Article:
The son of a doctor, Aristotle was born in the city of Stagira in Macedonia in the year 384 BC, and was educated at Plato’s Academy. When his mentor Plato died in 347 BC, the Macedonian went home and became the tutor of Alexander, the son of King Philip of Macedon. His pupil, who later gained the suffix ‘the Great’, was rather fond of his teacher, and is supposed to have said, “I am indebted to my father for living, but to my teacher for living well.”
Aristotle stayed at the court of Alexander until 335 BC, when he founded his own academy, the Lyceum, in Athens. He remained in Athens until 323 BC, when anti-Macedonian sentiments forced him to leave. “I will not allow the Athenians to sin twice against philosophy” he said, with reference to the execution of Socrates, and fled to the island of Chalcis, where he died a year later, in 322 BC.
Reading Aristotle is easier than you might think. Even those who are not able to read him in the original Greek(firstly known as “Koine” language) cannot fail to be enamoured by his enthusiasm. A fascinating thing about Aristotle’s Politika (in English normally translated as The Politics), for example, is the way this enormously erudite man got carried away in his lectures. For instance, Aristotle simply could not help telling his students about a certain Hippodamus, the son of Eryphon. That Fifth Century BC Athenian was “the first man not engaged in politics to speak on the subject of the best Constitution.” According to Aristotle, this first philosopher of politics was “somewhat eccentric in his general mode of life owing to his desire for distinction… [he] lived fussily, with a quantity of hair and expensive ornaments and a quantity of cheap clothes – not only in winter but also in the summer” (The Politics II, 1268a).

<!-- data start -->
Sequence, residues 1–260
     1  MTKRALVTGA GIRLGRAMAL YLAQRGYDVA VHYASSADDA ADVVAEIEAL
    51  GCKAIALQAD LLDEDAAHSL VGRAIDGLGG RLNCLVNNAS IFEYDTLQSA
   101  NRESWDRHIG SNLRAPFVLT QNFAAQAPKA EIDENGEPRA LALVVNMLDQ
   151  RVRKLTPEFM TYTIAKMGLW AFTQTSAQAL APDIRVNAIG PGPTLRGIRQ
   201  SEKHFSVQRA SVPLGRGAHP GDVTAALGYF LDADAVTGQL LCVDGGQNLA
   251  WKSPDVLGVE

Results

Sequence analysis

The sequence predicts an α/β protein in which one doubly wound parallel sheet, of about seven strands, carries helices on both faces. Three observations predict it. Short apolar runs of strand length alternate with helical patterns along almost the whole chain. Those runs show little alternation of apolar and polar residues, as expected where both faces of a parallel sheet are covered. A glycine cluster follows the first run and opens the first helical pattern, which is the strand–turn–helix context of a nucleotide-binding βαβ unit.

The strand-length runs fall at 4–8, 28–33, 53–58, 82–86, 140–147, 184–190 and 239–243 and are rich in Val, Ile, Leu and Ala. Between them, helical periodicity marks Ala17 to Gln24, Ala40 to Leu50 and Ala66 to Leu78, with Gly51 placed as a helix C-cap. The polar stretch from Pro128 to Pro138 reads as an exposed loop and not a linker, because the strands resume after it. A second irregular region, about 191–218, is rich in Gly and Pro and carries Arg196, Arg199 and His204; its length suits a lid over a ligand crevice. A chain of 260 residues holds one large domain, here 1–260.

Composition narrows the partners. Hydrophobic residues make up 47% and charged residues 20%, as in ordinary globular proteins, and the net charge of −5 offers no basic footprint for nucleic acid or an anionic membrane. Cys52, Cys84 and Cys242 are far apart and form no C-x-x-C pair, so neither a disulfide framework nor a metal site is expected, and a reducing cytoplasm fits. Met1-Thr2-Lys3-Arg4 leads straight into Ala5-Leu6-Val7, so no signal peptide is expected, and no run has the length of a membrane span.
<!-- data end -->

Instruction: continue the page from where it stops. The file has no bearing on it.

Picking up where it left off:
This is perhaps a glimpse of how entertaining Aristotle could be when he lectured in his Lyceum – how he could spellbind his audience with seemingly irrelevant but highly entertaining anecdotes. But his aside about Hippodamus also suggests that Aristotle – the founder of psychology, political science, logic, poetics, physics, biology, and many other disciplines – had a childlike joy in telling his audience about all he knew. No wonder Cicero (106-43 BC), the Roman statesman and philosopher, noted that Aristotle’s writings were veniet flumen orationis aureum fundens – “like a pouring out of gold” (Academia Priora, Book II). And yet we don’t even have Aristotelian treatises: his only surviving books are lecture notes.